Battle of Towton

From Academic Kids

The Battle of Towton in the Wars of the Roses was the bloodiest ever fought on British soil, with casualties believed to have been in excess of 20,000 (perhaps as many as 30,000) men. The battle took place on a snowy 29 March 1461 on a plateau between the villages of Towton and Saxton in Yorkshire (about 12 miles southwest of York and about 2 miles south of Tadcaster).

Part of the reason so many died is perhaps because in the parley before the battle both sides agreed that no quarter would be given or asked, as they hoped to end it there and then.

At this point in the civil war, the Lancastrians were on equal terms with the Yorkists, having eliminated York and Salisbury from the scene at the Battle of Wakefield, and been victorious at the Second Battle of St Albans. However, Richard Neville, "the Kingmaker", controlled London and had proclaimed the eldest of York's sons as King Edward IV. It was Edward himself who decided to take the initiative and march north in the hope of inflicting a final defeat on his rival, King Henry VI. Henry, a pious and peace-loving man, and by many reports mentally feeble, took no part in any military decisions, but allowed his queen, Margaret of Anjou, complete freedom to employ her battle commanders, chief of whom was Henry Beaufort the Duke of Somerset, on his behalf.

It is thought that 50,000, or perhaps even 100,000 men fought, including 28 Lords (almost half the peerage), mainly on the Lancastrian side. The numbers often given are 42,000 for the Lancastrians and 36,000 for the Yorkists. This is one of the few battles in English history, perhaps the only, where the fighting was so violent that the front lines were frequently forced to stop and remove the bodies to be able to get at each other.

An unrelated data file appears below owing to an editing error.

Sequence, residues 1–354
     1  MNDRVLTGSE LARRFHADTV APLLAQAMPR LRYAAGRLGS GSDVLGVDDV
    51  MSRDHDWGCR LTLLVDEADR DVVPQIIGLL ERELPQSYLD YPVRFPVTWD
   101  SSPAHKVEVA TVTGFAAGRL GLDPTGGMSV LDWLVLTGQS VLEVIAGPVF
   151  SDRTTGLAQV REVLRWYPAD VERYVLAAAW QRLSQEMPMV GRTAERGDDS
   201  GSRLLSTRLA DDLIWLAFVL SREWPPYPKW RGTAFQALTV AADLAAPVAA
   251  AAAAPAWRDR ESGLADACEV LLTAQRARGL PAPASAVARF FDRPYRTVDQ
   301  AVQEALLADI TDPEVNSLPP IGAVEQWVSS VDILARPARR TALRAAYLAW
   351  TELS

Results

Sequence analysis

The Battle

Both armies were divided into three battles (divisions), four hours were spent as the huge masses of men lined up in the blizzard conditions and awaited the final stragglers. Finally Lord Fauconberg took the initiative as the wind changed direction and blew the snow into the Lancastrians' faces. He led his archers forth and sent a rain of arrows into the massed Lancastrian ranks. Visibility was bad and with the wind blowing in their faces the returning volley of Lancastrian arrows fell way short of their targets. As casualties mounted the Lancastrian army knew the only way to stop the slaughter was to engage the enemy (in Towton 1461, the author calculates that Fauconberg would have been sending about 120,000 arrows a minute into the enemy ranks). In a last clever move, Fauconberg ordered his men (who had loosened all their own arrows by now) to retrieve some of the enemy shafts in the turf before them, while leaving some as obstacles for the oncoming Lancastrians.

Weight of numbers pushed the Yorkists back initially, but the Earl of Warwick and Edward both fought in the front ranks to encourage their men. As the hours passed the Yorkists found themselves giving more and more ground until they came close to Castle wood. From here two hundred spearmen launched a surprise attack on the Yorkist left flank. Hundreds of men fled and Edward was forced to use his whole reserve to stop it breaking up.

In the middle of the afternoon the elderly John Mowbray, 3rd Duke of Norfolk, arrived with several thousand fresh men. The Yorkists fought on with new determination for about an hour, when very suddenly the Lancastrian line broke and thousands of men fled the field.

The Rout

It is supposed that far more men died in the rout than in the battle. Several bridges over neighbouring rivers broke under the weight of the armed men, plunging many into the freezing water. Those stranded on the other side either drowned in the crossing or were cornered by the pursuers and killed. Some of the worst slaughter was seen at Bloody Meadow, where it is said men crossed the River Cock over the bodies of the fallen. All the way from Towton to Tadcaster the fields were full of bodies. The fleeing men made easy targets for horsemen and footsoldiers who killed many men who had dropped their weapons and thrown off their helmets to breath more freely. At Tadcaster some men made an unsuccessful stand and were killed.

The rout lasted all night and into the morning beyond when remnants of the army arrived at York in total panic. Margaret, Henry and Somerset fled north to Scotland, while those Lancastrian lords who were not killed or dispossessed were forced to make peace with Edward IV.


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